Only categories 1-5 were included in the subsequent validation analysis, the remaining categories were annotated for completeness and to ensure agreement among annotators.

For each audio recording, each annotator provided a list of unique classes present. Each recording could contain any number of classes, up to a maximum of 7. Once three annotators labeled each audio, a majority vote agreement between annotators was established as ground truth. This means that for each audio recording, the final annotation classes were those where at least two of the three annotators agreed. All audio recordings where the annotators disagreed on more than 1 class were removed from the analysis entirely.

Audio Data

Participants were asked to provide recordings consisting of between 30 seconds and 3
minutes of continuous audio. They were instructed to minimize background noise, make sure
only one infant’s voice was present in each recording, and try to avoid overlaps between adult
and baby voices (adult voices were allowed in the recordings)

Participants uploaded their audio recordings using a secure link to a HIPAA-compliant repository. A total of 128 files were received from the 35 infants. Of these, 27 had more than one disagreement among the annotators, and were removed from subsequent analysis, leaving 101 audio recordings.

Within the final dataset of 101 files, the average number of recordings per infant was 2.88 (minimum 1 after removing audios with annotator disagreement, maximum 4). The average audio recording duration was 42.9 seconds (range 30.0-76.4s), and the average total amount of audio per infant was 123.9 seconds (range 32.7-214.3s).

Babbly’s AI Model

The audio recordings were processed by Babbly’s AI remote service, which provided instantaneous results to the researchers. The output of the AI algorithm was a list of classes detected in each audio recording, which was subsequently compared to human expert annotations.


Alignment Analysis

We assessed the agreement between model predictions and human annotations by comparing the predicted vs. annotated lists of unique classes. This analysis was applied 1) to the lists of predicted and annotated classes in each audio, and 2) to the lists of unique predicted and annotated classes per infant (taking into account all classes across all audios). The analysis per infant was applied to validate whether a larger amount of data would lead to more reliable predictions of babbling patterns. Standard classification statistics in machine learning (ML) evaluation were then computed for these list-pairs.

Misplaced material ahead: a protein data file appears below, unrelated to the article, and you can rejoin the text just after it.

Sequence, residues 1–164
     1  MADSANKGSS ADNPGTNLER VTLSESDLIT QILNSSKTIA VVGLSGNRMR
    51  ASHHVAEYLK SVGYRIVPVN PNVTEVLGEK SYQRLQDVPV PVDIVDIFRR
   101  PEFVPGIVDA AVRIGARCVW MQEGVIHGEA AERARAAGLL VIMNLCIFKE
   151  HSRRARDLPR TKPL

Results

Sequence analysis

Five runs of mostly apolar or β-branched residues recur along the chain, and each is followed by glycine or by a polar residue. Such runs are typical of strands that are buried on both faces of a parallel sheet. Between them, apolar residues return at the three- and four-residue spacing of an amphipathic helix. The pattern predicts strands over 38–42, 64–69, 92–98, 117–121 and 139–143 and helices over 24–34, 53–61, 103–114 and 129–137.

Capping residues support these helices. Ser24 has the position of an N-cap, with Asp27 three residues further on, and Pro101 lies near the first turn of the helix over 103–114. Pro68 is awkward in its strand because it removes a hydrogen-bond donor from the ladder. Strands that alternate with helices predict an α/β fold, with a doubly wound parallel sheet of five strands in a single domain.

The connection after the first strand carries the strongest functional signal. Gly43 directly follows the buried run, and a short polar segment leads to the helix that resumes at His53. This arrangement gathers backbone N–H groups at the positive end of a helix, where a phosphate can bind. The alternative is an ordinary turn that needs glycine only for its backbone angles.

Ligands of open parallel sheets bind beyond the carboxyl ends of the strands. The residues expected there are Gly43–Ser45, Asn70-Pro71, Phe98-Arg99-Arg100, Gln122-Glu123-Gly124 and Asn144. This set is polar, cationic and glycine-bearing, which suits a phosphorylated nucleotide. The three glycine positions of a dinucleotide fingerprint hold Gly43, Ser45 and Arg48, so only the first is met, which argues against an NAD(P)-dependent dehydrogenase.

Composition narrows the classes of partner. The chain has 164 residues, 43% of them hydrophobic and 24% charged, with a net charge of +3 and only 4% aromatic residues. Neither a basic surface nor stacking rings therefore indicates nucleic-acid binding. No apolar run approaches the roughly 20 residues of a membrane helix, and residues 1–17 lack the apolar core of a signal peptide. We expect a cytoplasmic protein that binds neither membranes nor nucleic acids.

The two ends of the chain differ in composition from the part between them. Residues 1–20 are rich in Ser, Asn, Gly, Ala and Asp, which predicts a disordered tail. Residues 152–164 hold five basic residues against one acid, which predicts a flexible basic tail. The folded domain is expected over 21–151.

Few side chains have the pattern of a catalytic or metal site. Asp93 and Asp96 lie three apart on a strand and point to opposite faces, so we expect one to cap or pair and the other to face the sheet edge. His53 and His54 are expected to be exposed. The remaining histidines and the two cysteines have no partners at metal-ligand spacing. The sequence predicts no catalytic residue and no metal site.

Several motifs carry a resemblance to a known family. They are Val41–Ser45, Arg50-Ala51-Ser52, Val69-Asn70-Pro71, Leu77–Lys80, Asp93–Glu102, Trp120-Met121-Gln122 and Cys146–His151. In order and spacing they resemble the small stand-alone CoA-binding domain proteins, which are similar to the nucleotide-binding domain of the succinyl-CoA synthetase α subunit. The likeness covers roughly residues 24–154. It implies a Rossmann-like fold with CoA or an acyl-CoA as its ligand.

Classification Statistics

In each of the sections below, we report the following classification statistics:


Proportion of correct predictions out of all predictions. Reflects how frequently the model predictions contain a class that is indeed present in the annotations


Proportion of correctly identified positive cases out of all actual occurrences of a class in the annotations. Reflects how frequently a class present in the annotations is included in the predictions.

F1 Score

The harmonic mean of precision and recall. Provides a balanced overall measure of the model’s accuracy.

Results Per Audio

Table 1 below quantifies whether each annotated class was predicted in each audio, whether it was missed by the model, or whether a class not present in the annotations was predicted (false positive). The total ‘support’ value therefore reflects the total number of labels across all audios, and the class-specific ‘support’ values reflect the total count of occurrences of a given class.

The overall weighted average was 0.82 for precision, and 0.91 for recall. The overall F-1 score was 0.86, with a total of 305 label-prediction samples.

Table 1. Classification statistics per audio.

Results Per Infant

Table 2 below provides results on data summarized for each infant. Instead of calculating the presence/absence of each class in each audio, these statistics were calculated for each infant, collapsing across all audio recordings. The maximum support value per class is therefore equivalent to the number of infants in the study.

The overall weighted average was 0.87 for precision, and 0.97 for recall. The overall F-1 score was 0.91, with a total of 128 infant-prediction samples.

Table 2. Classification statistics per infant.

Results By Sex & Age

We next split the per-infant results above by sex (M vs. F), and by age group (<= 11 months vs. >= 12 months). Table 3 contains the results split by sex, and Table 4 contains the results split by age group.

The overall F-1 score was 0.93 for female infants (precision 0.89, recall 0.98), and 0.91 for male infants (precision 0.85, recall 0.96).

Table 3. Classification statistics per infant, split by sex.